Fewer than three dozen volunteers were at work within a few hours of the start, rolling out strips of three-foot wide printer paper along the grass of the Loara High School football field. Fastening the paper to the field took more nails than the team had brought to the site, and soon several volunteers were dispatched to supply more of the most critical element in the project.

Meanwhile, the winds continued to climb, testing the resolve of a growing number of volunteers. Panels would spring up in the breeze, which seemed to appear from every possible direction. Project organizer Wirt Atmar (above, pointing out details to a volunteer's son) had printed the thousands of panels over a six week period and the driven the rolls of paper in a U-Haul truck from New Mexico. He stood alongside the poster's edge and gave instruction on holding it in place.

By 11AM, no more nails were on hand, and the question was on everyone's lips -- where are they? The winds climbed with the sun in the sky, and volunteers were forced to use shoes and poster tubes to hold the panels in place. As a section would rise up, dedicated customers would call out "It's coming up!" and race to tack it in place, an organic version of a fault tolerant system.

In succeeding to break the existing poster record, the HP 3000 customers started with virtual relationships. Unlike the previous record, which was done as a product promotion for HP and Disney, this poster was put together by a collection of individual HP 3000 users. There was no single corporate entity behind the poster -- the idea to put it together was born on the Internet. The group which grew to 100-plus volunteers assembling the poster each thought the event was an ideal and enjoyable way to make a gentle, irreverent statement about their belief in their chosen operating system.

The underlying message of the poster was to prove the HP 3000 was capable of things no other computer could accomplish, a concept not completely understood within all parts of HP. Users thought of their actions as a way to demonstrate an alternative to HP's more popular but less productive system choices. The good feeling on the field, however, kept the effort from feeling like a bitter protest.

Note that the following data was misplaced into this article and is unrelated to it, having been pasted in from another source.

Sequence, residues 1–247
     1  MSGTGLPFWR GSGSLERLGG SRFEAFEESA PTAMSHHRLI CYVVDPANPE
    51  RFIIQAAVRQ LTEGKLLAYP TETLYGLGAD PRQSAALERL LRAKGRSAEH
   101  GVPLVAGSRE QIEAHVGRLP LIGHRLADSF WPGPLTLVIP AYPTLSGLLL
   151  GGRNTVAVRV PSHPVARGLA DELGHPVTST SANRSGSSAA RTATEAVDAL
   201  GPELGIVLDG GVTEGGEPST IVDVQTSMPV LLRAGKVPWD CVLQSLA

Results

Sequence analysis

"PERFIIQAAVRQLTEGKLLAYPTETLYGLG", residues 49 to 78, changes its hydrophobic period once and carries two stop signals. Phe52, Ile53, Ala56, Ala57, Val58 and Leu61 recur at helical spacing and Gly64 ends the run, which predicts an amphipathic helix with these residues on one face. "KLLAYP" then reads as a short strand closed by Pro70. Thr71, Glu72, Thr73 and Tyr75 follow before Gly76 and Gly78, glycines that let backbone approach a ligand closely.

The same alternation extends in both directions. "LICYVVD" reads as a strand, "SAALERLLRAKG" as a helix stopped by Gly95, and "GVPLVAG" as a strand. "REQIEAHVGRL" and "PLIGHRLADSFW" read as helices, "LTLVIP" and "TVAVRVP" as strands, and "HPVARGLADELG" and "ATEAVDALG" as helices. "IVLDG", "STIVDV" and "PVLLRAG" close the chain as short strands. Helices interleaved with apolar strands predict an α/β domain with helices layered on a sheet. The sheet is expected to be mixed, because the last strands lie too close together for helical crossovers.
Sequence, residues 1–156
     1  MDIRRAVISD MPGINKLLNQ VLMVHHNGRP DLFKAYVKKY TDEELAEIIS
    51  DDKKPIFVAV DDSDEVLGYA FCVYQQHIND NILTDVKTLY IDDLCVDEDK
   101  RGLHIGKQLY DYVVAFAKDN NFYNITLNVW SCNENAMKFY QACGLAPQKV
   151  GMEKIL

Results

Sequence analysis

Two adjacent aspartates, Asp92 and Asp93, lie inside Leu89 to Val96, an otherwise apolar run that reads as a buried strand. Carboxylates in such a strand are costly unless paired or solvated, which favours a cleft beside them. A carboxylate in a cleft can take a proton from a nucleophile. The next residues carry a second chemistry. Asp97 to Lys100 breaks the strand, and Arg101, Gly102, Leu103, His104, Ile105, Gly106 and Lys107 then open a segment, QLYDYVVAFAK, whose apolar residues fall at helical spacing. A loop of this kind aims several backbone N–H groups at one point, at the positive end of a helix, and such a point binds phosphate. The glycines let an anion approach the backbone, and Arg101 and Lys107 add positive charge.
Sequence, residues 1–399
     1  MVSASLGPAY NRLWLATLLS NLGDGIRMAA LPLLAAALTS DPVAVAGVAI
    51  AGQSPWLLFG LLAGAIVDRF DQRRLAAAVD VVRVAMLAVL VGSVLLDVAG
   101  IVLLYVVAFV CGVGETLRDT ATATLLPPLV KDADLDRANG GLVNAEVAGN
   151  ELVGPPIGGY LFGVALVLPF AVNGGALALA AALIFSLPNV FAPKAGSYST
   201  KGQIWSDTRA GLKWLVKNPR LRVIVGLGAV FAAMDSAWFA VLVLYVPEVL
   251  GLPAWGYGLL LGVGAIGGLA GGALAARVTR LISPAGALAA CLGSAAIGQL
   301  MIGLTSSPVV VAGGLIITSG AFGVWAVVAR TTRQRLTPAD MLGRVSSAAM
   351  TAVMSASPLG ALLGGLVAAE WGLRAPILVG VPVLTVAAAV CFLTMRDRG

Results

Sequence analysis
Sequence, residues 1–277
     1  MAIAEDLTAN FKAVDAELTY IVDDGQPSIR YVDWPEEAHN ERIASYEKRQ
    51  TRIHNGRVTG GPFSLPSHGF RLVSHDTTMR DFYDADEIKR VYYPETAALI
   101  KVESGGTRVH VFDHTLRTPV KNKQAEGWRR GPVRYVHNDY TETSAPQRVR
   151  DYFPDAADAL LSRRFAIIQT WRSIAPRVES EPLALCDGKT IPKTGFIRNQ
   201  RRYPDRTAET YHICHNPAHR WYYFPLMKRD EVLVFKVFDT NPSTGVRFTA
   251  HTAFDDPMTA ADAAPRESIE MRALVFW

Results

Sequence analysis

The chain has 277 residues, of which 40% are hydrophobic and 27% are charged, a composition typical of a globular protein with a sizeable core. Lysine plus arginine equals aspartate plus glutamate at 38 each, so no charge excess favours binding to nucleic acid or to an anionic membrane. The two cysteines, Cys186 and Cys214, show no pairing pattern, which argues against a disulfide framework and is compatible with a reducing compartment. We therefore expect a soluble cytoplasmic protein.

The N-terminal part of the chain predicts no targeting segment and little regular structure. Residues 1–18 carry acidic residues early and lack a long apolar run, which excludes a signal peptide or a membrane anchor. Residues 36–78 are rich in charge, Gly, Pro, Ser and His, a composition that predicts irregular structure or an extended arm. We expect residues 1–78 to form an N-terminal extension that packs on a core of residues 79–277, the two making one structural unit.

"I've never seen anything like this," said volunteer Tony Shepherd. "It's a friendly rebellion."

The poster underscored the ability of the HP 3000 to directly support popular communication standards, and the applicability of its MPE operating system to situations where world-class companies bet their business on the computer system they use. HP 3000 users feel MPE has distinct advantages for mission-critical business applications, where efficiency, reliability, and tight integration with the hardware and database management system are paramount.

Volunteers starting laying out and securing the individual components of the poster just at dawn on August 5. The youngest volunteer was Andrea Wang, aged just 6 and helping to tie down loose panels along with her father Paul, a developer of HP 3000 products and former CSY engineer.

The last panel was laid in place around 11:45, and within minutes helicopters and Southern California news media were recording the event. HP 3000 users are not willing to risk any of the data in their computers, but they were willing to lay a large amount of paper and ink on the gridiron line to get their message across. The roofing nails were all collected by volunteers after the project and donated to Habitat for Humanity, while the poster paper was sent to a local area recycler.

03:11 PM in History, Homesteading, Newswire Classics | Permalink